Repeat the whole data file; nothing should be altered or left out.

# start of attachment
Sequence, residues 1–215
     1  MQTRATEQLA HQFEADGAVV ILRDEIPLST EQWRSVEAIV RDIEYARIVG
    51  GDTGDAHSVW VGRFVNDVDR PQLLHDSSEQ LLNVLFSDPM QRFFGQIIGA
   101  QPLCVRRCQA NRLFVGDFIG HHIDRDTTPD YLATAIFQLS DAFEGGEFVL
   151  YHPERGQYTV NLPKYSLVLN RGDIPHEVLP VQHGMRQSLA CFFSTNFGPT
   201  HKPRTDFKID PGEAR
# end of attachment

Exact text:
Sequence, residues 1–215
     1  MQTRATEQLA HQFEADGAVV ILRDEIPLST EQWRSVEAIV RDIEYARIVG
    51  GDTGDAHSVW VGRFVNDVDR PQLLHDSSEQ LLNVLFSDPM QRFFGQIIGA
   101  QPLCVRRCQA NRLFVGDFIG HHIDRDTTPD YLATAIFQLS DAFEGGEFVL
   151  YHPERGQYTV NLPKYSLVLN RGDIPHEVLP VQHGMRQSLA CFFSTNFGPT
   201  HKPRTDFKID PGEAR